Heat Wave Raises Health Risks for Philly Residents

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Philly is expected to experience 90-plus-degree days this week. It will cause a surge in outdoor temperatures that can increase the risk of some serious medical complications like heat stroke. But according to Drexel University assistant professor Leah Schinasi indoor temperatures can also increase this risk, especially for those without air conditioning. 

This research was recently published in the journal Helion. In this study, researchers have found that some vulnerable individuals may struggle to cool their homes during a heat wave. It will include older and younger people.  

The study highlights the environmental justice issue of high indoor temperatures, particularly for lower-income individuals who do not have air conditioning systems. This can increase the risk of many health issues such as blood clots, heart and respiratory issues and impaired kidney function. This study shows the need for more affordable energy-efficient solutions to reduce this risk. 

Researchers say extreme heat in the US causes more deaths than any other extreme weather event. The Centers for Disease Control and Prevention report also says that heat is a health hazard. But it hasn’t been recognized as an environmental hazard yet. High indoor temperatures’ dangers have not been studied completely. Hence public health officials should consider the needs of those who do not stay at homes with air conditioning systems.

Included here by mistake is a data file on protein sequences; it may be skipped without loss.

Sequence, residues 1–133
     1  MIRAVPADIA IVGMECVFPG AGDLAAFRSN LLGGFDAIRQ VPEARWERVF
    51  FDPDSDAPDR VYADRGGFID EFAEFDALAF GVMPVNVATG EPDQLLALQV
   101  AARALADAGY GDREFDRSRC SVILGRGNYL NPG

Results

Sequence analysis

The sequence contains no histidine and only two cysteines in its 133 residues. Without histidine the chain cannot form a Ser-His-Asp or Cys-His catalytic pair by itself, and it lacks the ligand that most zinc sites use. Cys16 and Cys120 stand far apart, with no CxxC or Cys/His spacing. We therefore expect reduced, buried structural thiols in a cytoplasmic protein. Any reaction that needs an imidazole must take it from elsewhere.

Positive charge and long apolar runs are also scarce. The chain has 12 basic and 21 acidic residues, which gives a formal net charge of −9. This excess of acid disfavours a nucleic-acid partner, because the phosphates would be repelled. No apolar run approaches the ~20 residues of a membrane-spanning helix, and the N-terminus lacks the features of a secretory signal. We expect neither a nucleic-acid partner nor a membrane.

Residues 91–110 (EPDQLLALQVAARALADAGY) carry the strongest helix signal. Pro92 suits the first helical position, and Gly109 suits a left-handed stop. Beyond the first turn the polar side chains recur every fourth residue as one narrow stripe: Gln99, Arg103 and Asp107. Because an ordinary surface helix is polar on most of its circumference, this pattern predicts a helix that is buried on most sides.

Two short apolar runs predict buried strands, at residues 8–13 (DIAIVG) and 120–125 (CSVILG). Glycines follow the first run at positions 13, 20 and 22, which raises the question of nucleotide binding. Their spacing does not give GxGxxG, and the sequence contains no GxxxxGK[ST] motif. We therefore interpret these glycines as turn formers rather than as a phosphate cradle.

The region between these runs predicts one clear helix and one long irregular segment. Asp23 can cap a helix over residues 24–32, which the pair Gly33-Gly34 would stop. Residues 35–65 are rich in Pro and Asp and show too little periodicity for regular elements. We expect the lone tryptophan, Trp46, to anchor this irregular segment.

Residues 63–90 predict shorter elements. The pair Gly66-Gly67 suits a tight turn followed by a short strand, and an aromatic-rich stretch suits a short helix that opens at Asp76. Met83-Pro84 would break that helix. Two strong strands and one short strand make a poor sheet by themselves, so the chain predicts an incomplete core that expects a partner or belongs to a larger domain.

People should stay hydrated, close blinds, wear light clothes and take showers regularly to reduce this risk.  Some of them should find cool locations beyond their home like Philadelphia health officials’ cooling centers during heat emergencies.  They should also communicate with others and tell them about this risk as elderly people may not realize this health risks.  

Cities should also make some effective strategies and take long-term steps to combat the “heat island” effect. Some strategies like planting trees or building structures that produce shade can reduce the temperature. Officials should also offer air conditioning systems to those who do not have it. One of the researchers says it is very important to make residential environments safer.  

Reference Link:  

Chima Cyril Hampo et al, Surviving indoor heat stress in United States: A comprehensive review exploring the impact of overheating on the thermal comfort, health, and social economic factors of occupants, Heliyon (2024).  

DOI: 10.1016/j.heliyon.2024.e25801 

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